[VIEWPOINT]This is not SingaporeNowadays we often hear government officials or National Assemblymen refer to the Singapore model when they present a new real estate measure. The point is that housing prices in Singapore stabilized because the government provides standard housing units at cheap prices. Consequently, a law that stipulates the government provide the land for apartments at low rents, and people own their apartment buildings only, is going to be introduced in Korea.
It is desirable to provide housing to lower-income people at bargain prices. However, when we quote the example of a foreign country, we should scrutinize the reality we are in. Some politicians and journalists talk as if Singapore is a paradise where there is no real estate speculation. However, speculative investment in real estate takes place in Singapore periodically. It is no exaggeration to say that private sector housing is a paradise for real estate speculators. That is because there is no tax on the income from real estate sales, no problems even if one owns a large number of housing units and no limitation on the transfer of purchasing rights of apartments.
In order to talk about the Singapore model, we have to understand the dual structure of Singapore’s real estate market and the philosophy of the government that maintains that structure. At the time Singapore was founded, the government nationalized about 80 percent of the land. On the basis of this, the government started to provide standard housing units for lower-income people and industrial complexes at low prices. The biggest reason the government supplied standard housing units to low-income households was because Singapore is a heterogeneous society made up of immigrants from different countries, and the government wanted to instill patriotism in them by making them home owners. The Singapore government also believed people would concentrate more on their work when their housing problems were solved. In the case of public sector housing in Singapore, it is difficult to make speculative investments. The government has tight control over the price of land, while the housing ministry controls the supply of housing units as it pleases. On the demand side, there is a strict regulation that only Singapore nationals can buy one unit per person. But the Singapore government prefers to increase housing prices gradually so that the wealth of individuals as well as the government will increase. Also, the government has raised the price of standard apartments in accordance with price hikes in the private sector, so that the price gap between the private and the public sector housing units does not grow too wide.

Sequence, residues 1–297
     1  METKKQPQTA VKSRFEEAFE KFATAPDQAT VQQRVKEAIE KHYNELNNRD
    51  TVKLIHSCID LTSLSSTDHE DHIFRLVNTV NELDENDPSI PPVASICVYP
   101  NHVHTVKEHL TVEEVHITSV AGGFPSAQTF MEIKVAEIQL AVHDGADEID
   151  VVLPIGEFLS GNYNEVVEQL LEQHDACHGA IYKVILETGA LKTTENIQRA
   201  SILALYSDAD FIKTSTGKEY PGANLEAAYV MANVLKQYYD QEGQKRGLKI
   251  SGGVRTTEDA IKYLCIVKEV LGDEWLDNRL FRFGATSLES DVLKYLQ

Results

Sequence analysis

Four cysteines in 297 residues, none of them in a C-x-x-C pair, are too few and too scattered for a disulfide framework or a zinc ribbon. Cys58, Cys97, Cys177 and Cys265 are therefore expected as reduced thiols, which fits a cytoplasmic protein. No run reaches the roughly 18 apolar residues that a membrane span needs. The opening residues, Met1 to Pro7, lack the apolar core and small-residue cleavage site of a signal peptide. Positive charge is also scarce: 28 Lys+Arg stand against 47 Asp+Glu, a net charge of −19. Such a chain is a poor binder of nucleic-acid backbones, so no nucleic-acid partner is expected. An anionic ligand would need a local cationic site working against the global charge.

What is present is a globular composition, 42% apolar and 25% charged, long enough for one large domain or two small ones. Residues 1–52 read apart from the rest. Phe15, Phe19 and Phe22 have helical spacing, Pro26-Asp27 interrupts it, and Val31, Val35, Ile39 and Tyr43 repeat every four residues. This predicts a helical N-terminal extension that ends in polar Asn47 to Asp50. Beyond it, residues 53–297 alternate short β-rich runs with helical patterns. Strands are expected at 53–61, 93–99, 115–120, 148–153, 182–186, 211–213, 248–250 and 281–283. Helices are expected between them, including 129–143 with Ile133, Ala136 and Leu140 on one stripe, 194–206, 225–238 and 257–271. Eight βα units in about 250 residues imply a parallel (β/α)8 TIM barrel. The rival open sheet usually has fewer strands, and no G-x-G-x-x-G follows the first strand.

On the other hand, the government leaves the supply and demand of private sector housing to the functions of the market. The government does not intervene in which area’s housing prices may increase or by how much, or who may gain whatever amount. There is no restriction for foreigners, either. Foreign nationals can also buy private sector houses and can borrow from banks up to 80 percent of the value of the housing unit. Around Orchid Street in the center of Singapore, super-luxury apartment buildings of more than 40 stories are under construction. Newly-built apartments like this create a real estate market boom by raising the sales price of apartments gradually.
The reason the government does not intervene in the private sector housing market is because it is wealthy people who enter this market and it is better, therefore, to leave the supply and demand of private housing to them. It is the same reason the U.S. government does not intervene, no matter how high the prices of houses in Manhattan or Beverly Hills may skyrocket.
People who mention the Singapore model seem to emphasize only one side that fits their purposes, instead of studying the double structure of the real estate market as a whole. Even if our government tries to supply standard housing units at a low price, there are many obstacles to overcome. In our case, the proportion of government-owned land is only 30 percent. And it is only 0.1 percent of the urban land that is owned by public organizations. Therefore, the government must pay compensation for privately-owned land if it intends to supply housing units to low-income households. In order to provide the land for housing projects at a low price, the government has to subsidize a large part of the cost of the land.
On the demand side, if public sector apartments are built at good locations, a lot of people who are ready to buy them at higher prices than posted will rush from all over the nation. In Singapore, with a population of 3 million, that may not be a big problem. But in South Korea, with more than 47 million people, we must ponder on how to arrange them.
The real estate measures announced by the government seem to react ultra-sensitively to fields that the government may not intervene in and unrealistically to the fields where it should actually take action.
*The writer is an economics professor at the National University of Singapore. Translation by the JoongAng Daily staff.
by Shin Jang-sup